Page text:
Sunday, October 31, 2010


Today, I finally got to some ironing that had been too long neglected: 12 shirts and 3 pairs of pants. I don't think there was much left to wear in the closet, actually. It seems like I am perpetually behind these days. I am a week and a half behind in the schedule I have set for my reading course in order to finish it in a timely manner. I am always trying to play catch-up in household cleaning, buying groceries, and personal writing. I don't even want to imagine what Christmas preparations will do to an already packed month ahead.

This week I began to think about my education. In order to be all that I can be, I should be submitting articles, presenting at conferences, and applying for awards, but frankly, I just don't have the energy. I know I have missed opportunities for funding and deadlines for submitting papers for important conferences. That's what happens when I am trying to live a joyful, creative, and peaceful life while being a full-time student, a teacher's assistant, a member of a journal committee, a part-time administrator, a faithful friend, and a caring pastor.

I have been reading the story of Joseph in Genesis. It is another one of those biblical stories that doesn't quite make sense to me. In fact, parts of it make me uncomfortable, both in what it appears to be saying about God and in the odd behaviour that characters in the story exhibit. But today, as I was feeling like a bit of a loser, losing out on opportunity after opportunity because I am a person with limited energy who cannot multitask well, I was reminded that one of the common factors in these biblical stories is that people, no matter how hard they try, are not masters of their own fate. They cannot manufacture their own success.

Joseph, the man with loads of potential, was always at the wrong place at the wrong time, it seems. When he told people about his amazing leadership skills and bright future, he set a whole lot of terrible things into motion: he was grossly mistreated by those who should have protected him, he was falsely accused by his boss, he was forgotten for two years by a colleague who promised to help him out, and yet...things turned out very well in the end. Beyond anyone's wildest dreams! Because God had a better plan than the one that Joseph employed by trying to sell people on his skills. It involved learning to be a great leader by not relying on his own strengths, but on the dependability of his God.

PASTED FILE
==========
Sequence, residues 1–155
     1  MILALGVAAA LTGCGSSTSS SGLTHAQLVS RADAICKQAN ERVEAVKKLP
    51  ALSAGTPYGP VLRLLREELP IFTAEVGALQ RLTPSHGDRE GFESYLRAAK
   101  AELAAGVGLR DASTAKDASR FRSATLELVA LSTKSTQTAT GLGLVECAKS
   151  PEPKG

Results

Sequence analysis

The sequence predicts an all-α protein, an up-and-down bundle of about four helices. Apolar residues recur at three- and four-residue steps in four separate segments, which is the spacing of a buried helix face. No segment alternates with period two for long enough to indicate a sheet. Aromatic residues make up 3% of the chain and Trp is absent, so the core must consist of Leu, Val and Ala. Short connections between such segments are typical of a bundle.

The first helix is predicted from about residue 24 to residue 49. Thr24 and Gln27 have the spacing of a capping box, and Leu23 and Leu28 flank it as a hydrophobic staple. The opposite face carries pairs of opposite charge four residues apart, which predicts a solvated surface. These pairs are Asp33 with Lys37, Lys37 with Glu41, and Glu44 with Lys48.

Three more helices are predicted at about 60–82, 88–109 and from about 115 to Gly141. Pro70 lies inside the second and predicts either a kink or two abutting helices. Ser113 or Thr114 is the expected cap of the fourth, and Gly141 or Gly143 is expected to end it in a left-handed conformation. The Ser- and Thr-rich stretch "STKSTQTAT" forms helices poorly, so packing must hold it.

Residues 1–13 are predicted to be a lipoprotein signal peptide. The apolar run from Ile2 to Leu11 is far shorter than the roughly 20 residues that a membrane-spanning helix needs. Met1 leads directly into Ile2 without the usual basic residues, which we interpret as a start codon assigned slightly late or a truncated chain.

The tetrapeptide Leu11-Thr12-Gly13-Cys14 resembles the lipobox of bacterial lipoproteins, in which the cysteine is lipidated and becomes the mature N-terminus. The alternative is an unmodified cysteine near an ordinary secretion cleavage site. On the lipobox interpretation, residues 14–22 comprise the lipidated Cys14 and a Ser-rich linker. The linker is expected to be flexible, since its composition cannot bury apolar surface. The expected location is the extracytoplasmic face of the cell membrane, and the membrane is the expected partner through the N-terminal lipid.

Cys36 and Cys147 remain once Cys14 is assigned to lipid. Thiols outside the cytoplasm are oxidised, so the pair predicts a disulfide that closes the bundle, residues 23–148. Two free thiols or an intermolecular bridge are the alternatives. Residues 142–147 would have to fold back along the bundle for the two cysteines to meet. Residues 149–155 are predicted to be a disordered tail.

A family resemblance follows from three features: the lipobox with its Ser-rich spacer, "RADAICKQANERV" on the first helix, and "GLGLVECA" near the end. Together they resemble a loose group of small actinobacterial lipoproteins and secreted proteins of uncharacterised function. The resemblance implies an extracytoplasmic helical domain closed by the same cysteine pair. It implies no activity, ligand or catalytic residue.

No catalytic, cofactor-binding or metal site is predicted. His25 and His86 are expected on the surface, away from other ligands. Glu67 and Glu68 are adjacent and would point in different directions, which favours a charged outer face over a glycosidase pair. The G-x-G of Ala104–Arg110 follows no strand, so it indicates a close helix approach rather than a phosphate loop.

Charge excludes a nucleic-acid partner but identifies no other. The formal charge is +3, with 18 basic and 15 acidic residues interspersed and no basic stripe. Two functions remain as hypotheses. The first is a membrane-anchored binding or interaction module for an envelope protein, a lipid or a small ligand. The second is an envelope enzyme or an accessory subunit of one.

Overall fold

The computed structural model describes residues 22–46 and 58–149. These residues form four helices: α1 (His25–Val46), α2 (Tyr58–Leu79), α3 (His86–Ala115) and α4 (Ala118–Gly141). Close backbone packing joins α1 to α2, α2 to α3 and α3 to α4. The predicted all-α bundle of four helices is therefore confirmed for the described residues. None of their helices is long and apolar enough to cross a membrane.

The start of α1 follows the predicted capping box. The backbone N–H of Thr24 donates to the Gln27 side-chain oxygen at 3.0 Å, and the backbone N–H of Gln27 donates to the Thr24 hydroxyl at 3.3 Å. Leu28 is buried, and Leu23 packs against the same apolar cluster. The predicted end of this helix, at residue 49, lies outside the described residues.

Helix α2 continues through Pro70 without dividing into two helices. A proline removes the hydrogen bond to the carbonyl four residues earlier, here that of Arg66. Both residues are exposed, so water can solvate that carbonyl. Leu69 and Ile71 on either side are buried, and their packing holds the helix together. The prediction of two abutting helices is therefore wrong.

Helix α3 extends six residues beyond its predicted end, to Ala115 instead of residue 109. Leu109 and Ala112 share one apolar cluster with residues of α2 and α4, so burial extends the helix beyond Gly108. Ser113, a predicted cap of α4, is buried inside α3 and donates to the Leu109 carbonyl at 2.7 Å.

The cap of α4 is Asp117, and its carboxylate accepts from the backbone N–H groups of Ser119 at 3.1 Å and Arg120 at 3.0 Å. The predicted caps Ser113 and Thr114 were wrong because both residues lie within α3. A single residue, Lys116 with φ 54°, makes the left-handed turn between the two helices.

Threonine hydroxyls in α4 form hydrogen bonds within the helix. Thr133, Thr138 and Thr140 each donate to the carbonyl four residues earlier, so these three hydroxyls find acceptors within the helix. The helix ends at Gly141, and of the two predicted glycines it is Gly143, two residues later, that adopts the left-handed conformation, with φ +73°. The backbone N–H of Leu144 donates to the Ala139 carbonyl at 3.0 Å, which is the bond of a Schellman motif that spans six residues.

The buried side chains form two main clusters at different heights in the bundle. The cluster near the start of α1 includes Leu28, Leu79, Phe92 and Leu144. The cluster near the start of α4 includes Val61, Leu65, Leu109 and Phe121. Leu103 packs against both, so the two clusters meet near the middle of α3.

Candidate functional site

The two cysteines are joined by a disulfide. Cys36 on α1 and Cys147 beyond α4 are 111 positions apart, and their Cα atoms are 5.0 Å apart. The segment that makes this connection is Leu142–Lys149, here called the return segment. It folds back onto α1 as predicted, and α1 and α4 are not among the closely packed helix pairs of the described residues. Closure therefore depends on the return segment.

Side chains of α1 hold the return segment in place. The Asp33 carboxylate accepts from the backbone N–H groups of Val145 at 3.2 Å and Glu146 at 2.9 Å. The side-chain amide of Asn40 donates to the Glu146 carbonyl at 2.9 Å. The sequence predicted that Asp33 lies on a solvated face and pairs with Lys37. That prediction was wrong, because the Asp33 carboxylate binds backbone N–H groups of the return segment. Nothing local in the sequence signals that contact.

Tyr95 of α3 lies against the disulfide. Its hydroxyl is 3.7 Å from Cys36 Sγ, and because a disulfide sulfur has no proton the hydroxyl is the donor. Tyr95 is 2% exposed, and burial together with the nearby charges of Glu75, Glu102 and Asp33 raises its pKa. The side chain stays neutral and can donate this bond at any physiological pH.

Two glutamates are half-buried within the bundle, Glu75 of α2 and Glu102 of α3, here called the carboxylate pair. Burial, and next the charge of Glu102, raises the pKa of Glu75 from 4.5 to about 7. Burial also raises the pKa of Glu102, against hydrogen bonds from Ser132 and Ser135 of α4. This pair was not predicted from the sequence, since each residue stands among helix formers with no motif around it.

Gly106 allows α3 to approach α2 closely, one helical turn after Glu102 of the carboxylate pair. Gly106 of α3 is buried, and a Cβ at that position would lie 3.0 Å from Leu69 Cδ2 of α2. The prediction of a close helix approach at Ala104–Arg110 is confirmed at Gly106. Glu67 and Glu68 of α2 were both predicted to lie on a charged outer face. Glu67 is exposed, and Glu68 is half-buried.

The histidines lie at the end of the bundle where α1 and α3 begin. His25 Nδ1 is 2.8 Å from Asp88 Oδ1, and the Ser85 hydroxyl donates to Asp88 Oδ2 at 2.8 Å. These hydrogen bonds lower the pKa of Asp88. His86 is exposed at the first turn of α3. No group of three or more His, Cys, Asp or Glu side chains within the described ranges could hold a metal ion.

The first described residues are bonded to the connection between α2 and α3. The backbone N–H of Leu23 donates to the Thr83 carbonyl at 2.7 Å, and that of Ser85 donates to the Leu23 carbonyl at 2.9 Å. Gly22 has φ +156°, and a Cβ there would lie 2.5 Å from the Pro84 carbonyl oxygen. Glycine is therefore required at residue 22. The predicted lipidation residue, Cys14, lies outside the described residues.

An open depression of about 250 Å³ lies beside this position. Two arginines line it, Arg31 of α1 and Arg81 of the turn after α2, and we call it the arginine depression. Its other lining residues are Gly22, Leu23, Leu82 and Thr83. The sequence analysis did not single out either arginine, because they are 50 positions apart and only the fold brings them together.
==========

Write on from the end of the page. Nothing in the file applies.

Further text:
The perfect example of this can be seen in Genesis 41 in Joseph's interaction with Pharaoh. The ruler says to him, "I have heard it said of you that when you hear a dream you can interpret it." Joseph replies, "I cannot do it, but God will give Pharaoh the answer he desires."

I cannot get everything right in my education process and all the life challenges that go along with it, but God will bring me to the place that he wants me to be. He always does, so I don't have to worry. Work hard, yes, but not worry.

This is a red pear that I let ripen for a few days until it was just right. Then I enjoyed its deliciousness!

Thursday, October 28, 2010

The Waiter

This is the spoken word piece I presented earlier tonight. It is based loosely on Genesis 32. waiting for me.
I can sense it when I walk home at night.
Out there, just out of sight,
waiting, watching, debating when to make a move.
I can feel it when the hairs on my arm rise up slowly
and there is a tingle on the back of my neck, only
it doesn’t stay there. That tingle, shivery tingle finds
the bottom of my spine
and that’s how I divine that waiting for me.
I imagine and hypothesize and theorize
that the encounter will happen in some dark alley.
The marked and the marker meet and greet and all manner of devastation is heaped on me
yes, that is what I fear.
Deep in my belly, that’s where I hear the fear talking
so when I am walking
I am praying, hoping, that nothing happens.

It’s okay, I’d say, to be praying...for nothing.
But still, I know something or someone will, eventually, catch up to me.
It might happen in broad daylight, who knows?
Perhaps I am in a park, and someone suddenly appears in a bush- whoa!
(Though I think that highly unlikely).
I think about it often, more often than not, that I’ll be caught off guard
when I open the closet door, the refrigerator door, the shower door, the elevator door
pick a door, any door.
I always feel like
Someone...might be waiting for me.
Sometimes I think I can see the “waiter” out of the corner of my eye

a glimpse, just out of my peripheral vision,
like when you’re sitting too close at the theatre during a Bruce Willis movie and a fight breaks out in a restaurant, as you know it has to, and there are those two guys in the background that never really come into focus and they hope you won’t notice that one of them is looking right at you.